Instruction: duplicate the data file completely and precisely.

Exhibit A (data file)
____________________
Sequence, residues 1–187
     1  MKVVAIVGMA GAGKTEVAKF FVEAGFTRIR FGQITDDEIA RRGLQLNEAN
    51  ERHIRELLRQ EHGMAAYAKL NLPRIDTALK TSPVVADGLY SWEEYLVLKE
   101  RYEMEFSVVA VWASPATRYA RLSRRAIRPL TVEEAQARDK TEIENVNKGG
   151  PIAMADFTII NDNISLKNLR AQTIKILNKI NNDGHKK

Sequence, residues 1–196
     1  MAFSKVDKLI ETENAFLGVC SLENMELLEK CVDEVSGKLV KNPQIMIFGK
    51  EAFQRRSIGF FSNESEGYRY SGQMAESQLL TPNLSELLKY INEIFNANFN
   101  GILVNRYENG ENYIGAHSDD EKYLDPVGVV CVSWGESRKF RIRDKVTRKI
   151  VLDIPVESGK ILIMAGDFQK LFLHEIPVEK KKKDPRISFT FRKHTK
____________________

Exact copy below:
Sequence, residues 1–187
     1  MKVVAIVGMA GAGKTEVAKF FVEAGFTRIR FGQITDDEIA RRGLQLNEAN
    51  ERHIRELLRQ EHGMAAYAKL NLPRIDTALK TSPVVADGLY SWEEYLVLKE
   101  RYEMEFSVVA VWASPATRYA RLSRRAIRPL TVEEAQARDK TEIENVNKGG
   151  PIAMADFTII NDNISLKNLR AQTIKILNKI NNDGHKK

Sequence, residues 1–196
     1  MAFSKVDKLI ETENAFLGVC SLENMELLEK CVDEVSGKLV KNPQIMIFGK
    51  EAFQRRSIGF FSNESEGYRY SGQMAESQLL TPNLSELLKY INEIFNANFN
   101  GILVNRYENG ENYIGAHSDD EKYLDPVGVV CVSWGESRKF RIRDKVTRKI
   151  VLDIPVESGK ILIMAGDFQK LFLHEIPVEK KKKDPRISFT FRKHTK